We had a good time, didn’t we, WordCamp Miami? There was plenty of information to fit into a small bit of time. With the video and the slides, you go back and take those notes that I told you not to take. 🙂

My slides have links to the sources, so you can find plenty of research and further reading there. (One of the studies’ links is acting up, so you can view Google’s cached version).

Here’re some of my favorite tweets:

I came across a new textbook I wanted to read recently called Introduction to Data Science.

Yes, I’m a nerd in my spare time, as well.

Two things piqued my interest (as I’m not entirely sure I need an introduction to data science):

The latter interested me because I wanted to see if there was any interactivity beyond the common, end-of-chapter quiz—maybe an innovative way of demonstrating a concept that would further my understanding or help someone else.

The only problem is that I don’t have an iPad. But, surely with an iPhone 5 and some Apple computers at my disposal (alongside graduate-level Googling skills), I’d be able to find a way to check it out—or, so I thought.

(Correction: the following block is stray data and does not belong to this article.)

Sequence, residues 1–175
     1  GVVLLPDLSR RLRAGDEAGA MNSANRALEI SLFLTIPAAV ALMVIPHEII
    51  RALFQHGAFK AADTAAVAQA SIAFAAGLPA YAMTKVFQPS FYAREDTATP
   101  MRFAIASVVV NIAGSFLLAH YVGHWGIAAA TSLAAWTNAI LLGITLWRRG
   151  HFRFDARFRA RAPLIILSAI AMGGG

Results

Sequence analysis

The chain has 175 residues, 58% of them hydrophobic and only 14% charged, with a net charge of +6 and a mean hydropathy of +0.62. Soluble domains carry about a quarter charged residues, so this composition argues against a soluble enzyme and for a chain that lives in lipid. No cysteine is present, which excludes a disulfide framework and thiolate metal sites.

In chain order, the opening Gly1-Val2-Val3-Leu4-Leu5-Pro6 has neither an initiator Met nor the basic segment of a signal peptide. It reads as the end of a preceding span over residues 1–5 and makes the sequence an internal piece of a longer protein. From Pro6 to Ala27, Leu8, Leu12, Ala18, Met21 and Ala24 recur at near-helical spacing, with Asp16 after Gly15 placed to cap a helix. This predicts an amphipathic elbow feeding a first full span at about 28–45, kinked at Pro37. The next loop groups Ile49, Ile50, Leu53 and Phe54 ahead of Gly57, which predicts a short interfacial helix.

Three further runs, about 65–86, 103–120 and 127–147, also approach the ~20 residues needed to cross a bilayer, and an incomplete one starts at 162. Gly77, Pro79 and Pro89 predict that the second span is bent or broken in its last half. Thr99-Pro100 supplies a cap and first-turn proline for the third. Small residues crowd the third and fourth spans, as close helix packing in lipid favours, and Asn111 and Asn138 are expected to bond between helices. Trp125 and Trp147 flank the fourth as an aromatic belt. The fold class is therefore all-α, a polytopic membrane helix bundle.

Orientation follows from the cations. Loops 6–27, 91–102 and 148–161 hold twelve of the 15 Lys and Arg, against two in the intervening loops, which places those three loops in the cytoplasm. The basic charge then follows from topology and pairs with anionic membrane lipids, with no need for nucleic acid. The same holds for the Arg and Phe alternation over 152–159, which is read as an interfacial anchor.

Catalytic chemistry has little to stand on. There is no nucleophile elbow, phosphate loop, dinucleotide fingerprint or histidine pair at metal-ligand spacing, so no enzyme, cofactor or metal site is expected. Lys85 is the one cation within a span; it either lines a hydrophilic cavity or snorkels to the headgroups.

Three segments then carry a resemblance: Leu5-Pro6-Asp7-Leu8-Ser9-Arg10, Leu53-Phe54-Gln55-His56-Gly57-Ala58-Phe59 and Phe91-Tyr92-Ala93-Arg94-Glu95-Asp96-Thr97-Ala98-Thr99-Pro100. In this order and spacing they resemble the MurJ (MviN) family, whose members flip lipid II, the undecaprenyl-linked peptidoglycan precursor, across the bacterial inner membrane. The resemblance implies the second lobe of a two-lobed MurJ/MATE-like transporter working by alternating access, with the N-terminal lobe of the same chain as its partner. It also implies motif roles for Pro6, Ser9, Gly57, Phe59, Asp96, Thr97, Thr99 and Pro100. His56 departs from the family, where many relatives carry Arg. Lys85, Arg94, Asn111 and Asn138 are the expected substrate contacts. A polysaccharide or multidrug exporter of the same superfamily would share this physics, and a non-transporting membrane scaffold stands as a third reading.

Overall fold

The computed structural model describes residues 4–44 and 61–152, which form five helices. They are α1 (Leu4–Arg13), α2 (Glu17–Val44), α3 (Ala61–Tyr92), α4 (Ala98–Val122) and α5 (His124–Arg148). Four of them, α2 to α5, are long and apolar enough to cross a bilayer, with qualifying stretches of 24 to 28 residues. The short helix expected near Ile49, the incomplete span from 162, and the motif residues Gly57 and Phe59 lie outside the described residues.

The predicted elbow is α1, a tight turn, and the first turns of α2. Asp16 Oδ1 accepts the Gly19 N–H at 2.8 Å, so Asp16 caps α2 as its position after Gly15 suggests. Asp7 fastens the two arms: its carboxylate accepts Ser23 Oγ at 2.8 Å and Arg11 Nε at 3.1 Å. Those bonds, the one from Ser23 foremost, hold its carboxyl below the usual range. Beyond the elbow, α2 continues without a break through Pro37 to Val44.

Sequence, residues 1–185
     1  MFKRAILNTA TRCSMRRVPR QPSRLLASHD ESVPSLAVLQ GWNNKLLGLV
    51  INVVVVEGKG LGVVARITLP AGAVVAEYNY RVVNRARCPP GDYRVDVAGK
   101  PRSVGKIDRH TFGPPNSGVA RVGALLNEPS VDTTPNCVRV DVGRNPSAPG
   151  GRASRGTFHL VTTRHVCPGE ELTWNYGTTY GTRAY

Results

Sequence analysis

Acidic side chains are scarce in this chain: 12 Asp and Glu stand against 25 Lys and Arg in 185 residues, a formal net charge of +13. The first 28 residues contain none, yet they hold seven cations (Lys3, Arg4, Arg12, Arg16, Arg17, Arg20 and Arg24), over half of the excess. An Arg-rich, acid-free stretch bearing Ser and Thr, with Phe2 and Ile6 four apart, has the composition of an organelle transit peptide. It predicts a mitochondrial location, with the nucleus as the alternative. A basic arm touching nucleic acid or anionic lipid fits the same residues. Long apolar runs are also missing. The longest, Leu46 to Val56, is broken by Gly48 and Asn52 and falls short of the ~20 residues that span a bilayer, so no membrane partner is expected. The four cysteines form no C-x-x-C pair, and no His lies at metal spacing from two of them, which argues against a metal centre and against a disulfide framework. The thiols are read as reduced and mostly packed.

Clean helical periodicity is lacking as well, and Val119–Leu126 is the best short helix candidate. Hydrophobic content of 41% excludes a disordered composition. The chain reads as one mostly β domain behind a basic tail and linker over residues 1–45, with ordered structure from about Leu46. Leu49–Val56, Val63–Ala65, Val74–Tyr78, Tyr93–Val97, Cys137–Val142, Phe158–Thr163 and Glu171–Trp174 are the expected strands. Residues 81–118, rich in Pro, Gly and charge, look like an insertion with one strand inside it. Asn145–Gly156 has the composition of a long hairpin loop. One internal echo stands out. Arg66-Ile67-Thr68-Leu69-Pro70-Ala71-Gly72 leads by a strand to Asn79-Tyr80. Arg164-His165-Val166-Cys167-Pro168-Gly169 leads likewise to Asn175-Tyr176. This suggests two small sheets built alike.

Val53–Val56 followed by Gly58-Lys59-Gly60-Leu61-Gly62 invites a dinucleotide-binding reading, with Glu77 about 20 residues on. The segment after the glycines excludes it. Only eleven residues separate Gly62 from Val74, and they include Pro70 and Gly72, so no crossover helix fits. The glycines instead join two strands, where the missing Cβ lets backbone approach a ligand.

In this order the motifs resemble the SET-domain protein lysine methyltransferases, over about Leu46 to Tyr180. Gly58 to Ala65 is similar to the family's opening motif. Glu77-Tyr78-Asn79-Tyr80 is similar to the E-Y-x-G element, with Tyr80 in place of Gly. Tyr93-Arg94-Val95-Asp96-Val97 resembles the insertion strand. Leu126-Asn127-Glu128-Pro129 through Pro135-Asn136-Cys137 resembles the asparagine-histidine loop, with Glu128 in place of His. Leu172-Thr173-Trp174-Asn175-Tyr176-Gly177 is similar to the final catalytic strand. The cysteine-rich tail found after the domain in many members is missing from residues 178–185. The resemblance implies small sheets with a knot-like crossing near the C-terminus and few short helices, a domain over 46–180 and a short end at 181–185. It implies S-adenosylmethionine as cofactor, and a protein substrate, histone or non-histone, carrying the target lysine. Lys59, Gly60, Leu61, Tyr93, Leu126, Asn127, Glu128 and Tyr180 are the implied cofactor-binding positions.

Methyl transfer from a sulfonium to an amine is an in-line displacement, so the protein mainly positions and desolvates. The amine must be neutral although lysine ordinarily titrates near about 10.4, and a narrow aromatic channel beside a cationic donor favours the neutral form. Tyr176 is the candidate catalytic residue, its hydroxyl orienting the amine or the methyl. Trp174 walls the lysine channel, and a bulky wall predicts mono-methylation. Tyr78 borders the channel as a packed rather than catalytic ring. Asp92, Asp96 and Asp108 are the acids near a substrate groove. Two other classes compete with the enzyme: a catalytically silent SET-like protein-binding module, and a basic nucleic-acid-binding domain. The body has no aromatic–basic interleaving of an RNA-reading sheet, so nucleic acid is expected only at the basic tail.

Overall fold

Download to my iPhone? Nope.
Download to my computer and sync to the iPhone? Nope.
Find an iBooks reader for a desktop? Nope.
Open the download in iBooks Author? Nope.

Why would this ever be a good move by Apple?

I’m not their target audience, that’s why. They don’t want me reading iBooks built for iPads without an iPad.

We can project ill intent or cheapen the term corporate greed to describe Apple’s flagrant disregard for my desire to read a book on whatever platform I wish, but, in doing so, they control the experience. They control the way I consume the content as well as the the way authors create it, because it only has to be designed and built for one size, and tailored for one aspect ratio.

If they didn’t control it, students (presumably a target audience) would likely just learn to use them on laptops, instead. iBooks would become a cloud-based content distribution platform instead of an opportunity for an immersive experience. iBooks Author would have to account for screen sizes, performance issues, and everything else under the sun. There’d probably be little reason left to choose iBooks over PDF’s.

Target your best customers with a niche product. Forget the rest.

Haters Gonna HateKnowing an iBook exists that I can’t access aggravates me, but Apple doesn’t care—neither should you when you’re building a product/service for a niche market. Your target audience isn’t “everyone with money”, so why would it matter what the consensus of “everyone with money” is?